Administering CPR to a Child Aged 8 or Older or an Adult

Chrome 2001
Aetna Intelihealth InteliHealth Aetna Intelihealth Aetna Intelihealth
. .
Harvard Medical School
Chrome 2001
Chrome 2001

Administering CPR to a Child Aged 8 or Older or an Adult

Mental Health
Injury and Illness Prevention
Administering CPR to a Child Aged 8 or Older or an Adult
Administering CPR to a Child Aged 8 or Older or an Adult
Learn how to administer CPR to a child 8 years old or older.
InteliHealth Medical Content
Reviewed by the Faculty of Harvard Medical School

CPR (cardiopulmonary resuscitation) is the basic lifesaving technique used when someone stops breathing and/or his heart no longer beats. In children, if CPR is needed, it is most often for breathing problems due to choking, smoke inhalation, lung disease such as asthma, drowning or other accidents (not for heart problems as in adults). CPR is most successful when started as quickly as possible, but only when it's necessary. It should only be performed when a person is not breathing or circulating blood adequately.

It is ideal for everyone to know how to perform CPR. To enroll in a CPR course, contact your local office of the American Red Cross or American Heart Association. While this can not take the place of a CPR course, here is an overview of the basic steps in performing CPR on a child older than 8 years old or on an adult (For a child between the ages of 1 and 8 years old, see Administering CPR to a Child; for a child younger than 1 year, see Administering CPR to an Infant):
• Assess and get help.
The first few seconds should be used to figure out whether the child is truly unresponsive. To do this, call out the child's name, clap, gently tap his shoulder, or rub his back or chest and watch for any reaction. If you get no response, call 911 or your local emergency number immediately. Return to the victim as soon as possible. If you are not alone, have someone else dial 911, while you take care of the victim.
• Position the child or adult.
Place the child on his back on a hard, flat surface such as the floor or a table. If the child may have injured himself, be careful when moving him and always support the head and neck.
• Compress the chest.
Place the heel of one hand on the lower half of the breastbone, about two finger widths above the notch at the lower end of the breastbone (where the ribs meet the breastbone). Place your other hand directly on top of it. Push in a downward motion toward the child's back approximately one-third to one-half the depth of the chest (about 2 or more inches). You should do compressions at a rate of at least 100 per minute (or about five compressions every three seconds) in a smooth and on-going fashion. After giving 30 compressions, reposition the airway and give the child two rescue breaths.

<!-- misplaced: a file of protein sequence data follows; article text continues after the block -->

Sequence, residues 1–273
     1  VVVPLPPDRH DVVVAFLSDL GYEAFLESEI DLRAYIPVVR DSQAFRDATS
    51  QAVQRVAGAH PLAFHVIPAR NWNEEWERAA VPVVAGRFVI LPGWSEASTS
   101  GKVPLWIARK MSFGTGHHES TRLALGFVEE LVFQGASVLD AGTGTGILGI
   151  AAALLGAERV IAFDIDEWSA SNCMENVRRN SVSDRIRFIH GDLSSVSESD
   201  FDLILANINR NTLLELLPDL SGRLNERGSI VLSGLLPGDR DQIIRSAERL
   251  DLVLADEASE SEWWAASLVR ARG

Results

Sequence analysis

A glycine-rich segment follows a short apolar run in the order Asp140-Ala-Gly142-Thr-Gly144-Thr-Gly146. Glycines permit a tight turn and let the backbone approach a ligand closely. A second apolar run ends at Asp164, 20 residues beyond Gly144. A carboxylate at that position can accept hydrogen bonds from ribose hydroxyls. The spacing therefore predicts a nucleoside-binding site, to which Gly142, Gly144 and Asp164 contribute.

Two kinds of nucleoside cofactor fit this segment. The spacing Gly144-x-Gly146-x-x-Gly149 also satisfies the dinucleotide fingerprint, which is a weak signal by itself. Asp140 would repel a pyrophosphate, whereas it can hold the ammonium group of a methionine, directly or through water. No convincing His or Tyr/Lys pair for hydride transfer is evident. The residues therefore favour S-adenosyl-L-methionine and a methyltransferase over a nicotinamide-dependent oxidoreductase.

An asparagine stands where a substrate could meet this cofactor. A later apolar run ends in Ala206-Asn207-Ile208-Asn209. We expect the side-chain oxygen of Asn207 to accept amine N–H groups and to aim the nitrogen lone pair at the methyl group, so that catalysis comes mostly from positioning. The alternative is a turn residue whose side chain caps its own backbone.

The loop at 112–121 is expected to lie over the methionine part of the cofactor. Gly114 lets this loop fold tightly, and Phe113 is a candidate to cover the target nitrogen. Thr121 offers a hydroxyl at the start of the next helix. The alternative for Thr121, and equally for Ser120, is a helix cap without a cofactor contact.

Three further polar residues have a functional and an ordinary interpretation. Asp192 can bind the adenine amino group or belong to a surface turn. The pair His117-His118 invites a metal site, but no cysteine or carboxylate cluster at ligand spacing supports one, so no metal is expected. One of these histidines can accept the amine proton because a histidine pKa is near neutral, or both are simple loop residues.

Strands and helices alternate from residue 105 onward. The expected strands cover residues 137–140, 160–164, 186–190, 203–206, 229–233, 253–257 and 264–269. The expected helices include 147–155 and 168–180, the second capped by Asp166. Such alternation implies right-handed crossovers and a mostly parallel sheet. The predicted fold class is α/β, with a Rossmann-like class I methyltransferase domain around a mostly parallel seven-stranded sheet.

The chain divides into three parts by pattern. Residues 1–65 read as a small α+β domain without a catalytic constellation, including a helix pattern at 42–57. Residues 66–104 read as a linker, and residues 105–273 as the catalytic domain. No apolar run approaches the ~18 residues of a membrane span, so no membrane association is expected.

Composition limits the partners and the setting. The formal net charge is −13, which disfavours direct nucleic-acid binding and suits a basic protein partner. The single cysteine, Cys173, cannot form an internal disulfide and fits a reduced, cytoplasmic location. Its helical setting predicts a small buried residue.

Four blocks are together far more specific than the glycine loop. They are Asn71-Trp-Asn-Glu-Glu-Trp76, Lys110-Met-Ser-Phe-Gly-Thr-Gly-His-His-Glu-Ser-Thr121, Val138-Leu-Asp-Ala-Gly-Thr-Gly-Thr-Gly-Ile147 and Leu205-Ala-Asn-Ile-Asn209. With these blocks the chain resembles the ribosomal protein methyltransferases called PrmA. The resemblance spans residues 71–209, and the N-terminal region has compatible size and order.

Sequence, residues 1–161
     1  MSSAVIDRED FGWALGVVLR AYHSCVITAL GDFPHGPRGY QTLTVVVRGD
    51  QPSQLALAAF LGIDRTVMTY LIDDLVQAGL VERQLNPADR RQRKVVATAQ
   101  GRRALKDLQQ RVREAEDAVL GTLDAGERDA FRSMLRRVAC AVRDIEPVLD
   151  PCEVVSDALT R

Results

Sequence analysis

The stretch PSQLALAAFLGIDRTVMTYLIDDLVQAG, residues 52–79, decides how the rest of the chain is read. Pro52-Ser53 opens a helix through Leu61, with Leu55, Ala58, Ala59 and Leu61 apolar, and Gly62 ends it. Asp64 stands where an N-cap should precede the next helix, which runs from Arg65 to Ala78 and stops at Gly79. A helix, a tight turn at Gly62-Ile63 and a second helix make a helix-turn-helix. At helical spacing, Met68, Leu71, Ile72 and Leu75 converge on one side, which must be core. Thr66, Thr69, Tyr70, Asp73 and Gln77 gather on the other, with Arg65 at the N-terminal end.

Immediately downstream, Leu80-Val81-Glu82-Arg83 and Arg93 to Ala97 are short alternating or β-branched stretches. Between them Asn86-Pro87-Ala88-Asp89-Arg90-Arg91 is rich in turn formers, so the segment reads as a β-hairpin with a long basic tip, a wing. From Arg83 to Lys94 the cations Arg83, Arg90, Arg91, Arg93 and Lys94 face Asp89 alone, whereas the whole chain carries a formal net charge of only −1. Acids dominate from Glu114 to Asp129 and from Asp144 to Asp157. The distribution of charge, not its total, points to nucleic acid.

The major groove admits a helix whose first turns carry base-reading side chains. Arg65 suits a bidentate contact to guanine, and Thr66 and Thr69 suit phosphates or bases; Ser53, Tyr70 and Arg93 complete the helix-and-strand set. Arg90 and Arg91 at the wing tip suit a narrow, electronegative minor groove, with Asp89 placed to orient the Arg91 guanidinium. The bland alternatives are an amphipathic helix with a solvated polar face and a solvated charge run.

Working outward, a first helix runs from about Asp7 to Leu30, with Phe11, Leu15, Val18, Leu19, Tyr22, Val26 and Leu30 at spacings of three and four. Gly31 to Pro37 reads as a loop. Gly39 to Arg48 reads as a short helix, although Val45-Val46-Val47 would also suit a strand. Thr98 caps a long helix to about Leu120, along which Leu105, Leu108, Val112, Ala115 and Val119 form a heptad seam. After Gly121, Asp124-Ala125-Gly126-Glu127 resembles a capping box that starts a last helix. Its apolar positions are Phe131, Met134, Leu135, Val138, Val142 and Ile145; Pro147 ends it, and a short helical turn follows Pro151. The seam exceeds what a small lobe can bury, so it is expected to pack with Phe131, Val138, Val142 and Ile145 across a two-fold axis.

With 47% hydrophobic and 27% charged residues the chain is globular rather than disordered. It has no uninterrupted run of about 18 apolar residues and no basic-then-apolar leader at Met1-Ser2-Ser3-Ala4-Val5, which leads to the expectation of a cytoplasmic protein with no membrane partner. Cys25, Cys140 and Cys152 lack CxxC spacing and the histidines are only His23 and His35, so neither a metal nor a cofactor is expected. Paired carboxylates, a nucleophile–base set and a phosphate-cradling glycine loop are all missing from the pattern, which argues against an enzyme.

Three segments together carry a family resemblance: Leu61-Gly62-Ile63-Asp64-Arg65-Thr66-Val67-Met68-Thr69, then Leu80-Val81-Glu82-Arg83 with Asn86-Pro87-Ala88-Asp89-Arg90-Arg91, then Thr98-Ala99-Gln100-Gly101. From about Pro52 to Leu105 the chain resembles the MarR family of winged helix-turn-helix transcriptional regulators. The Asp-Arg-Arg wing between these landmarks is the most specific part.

• Open the airway.
Place one hand on the child's forehead and the other under his chin. Slightly tilt the child's head back to open the airway by lifting the chin up and out while pushing down on the forehead.
• Check for breathing.
Turn your head toward the child's chest. Look for chest movement. Place your ear and cheek over the child's mouth to listen or feel for any signs of breathing. Watch for any chest-wall movement. If you can see, hear or feel the child breathing, help him to maintain an open airway, but do not start breathing for him (rescue breathing). If the child is not breathing, immediately begin rescue breathing.
• Perform rescue breathing.
If the child is not breathing, pinch the child's nostrils closed with your thumb and forefinger while keeping pressure on the child's forehead with the same hand. Lift the chin with the other hand and keep the head tilted slightly. Take a deep breath and then place your mouth over the child's mouth, making a tight seal. Give two slow breaths (each about 1 second long). Watch for the child's chest to rise with each breath, and end the breath once you see the chest rise. If the chest does not rise, re-position the head to make sure the child's airway is open, and again try to give a second breath. If the chest still does not rise, the child may be choking.
• Repeat 30 compressions and two breaths.
Give two rescue breaths after every 30 chest compressions. Count out loud as you do this, "One, and two, and three ... and 30, breathe." Do a total of five cycles of 30 chest compressions and two rescue breaths, which should take about two minutes.
• Check for return of breathing or signs of circulation.
Every few minutes or so, recheck for signs of circulation (for example, normal breathing, coughing or movement) and breathing. If there are no signs of circulation, continue and repeat with 30 chest compressions and 2 rescue breaths.

If there are signs of circulation, but there is no breathing, continue rescue breathing with one breath every three seconds (20 breaths per minute). Continue to regularly check the breathing and circulation until emergency personnel arrive.

Back To Top

32855, 34979,
child,circulation,cpr,forehead,heart,neck,adam's apple
Last updated September 08, 2014

    Print Printer-friendly format    
This website is certified by Health On the Net Foundation. Click to verify.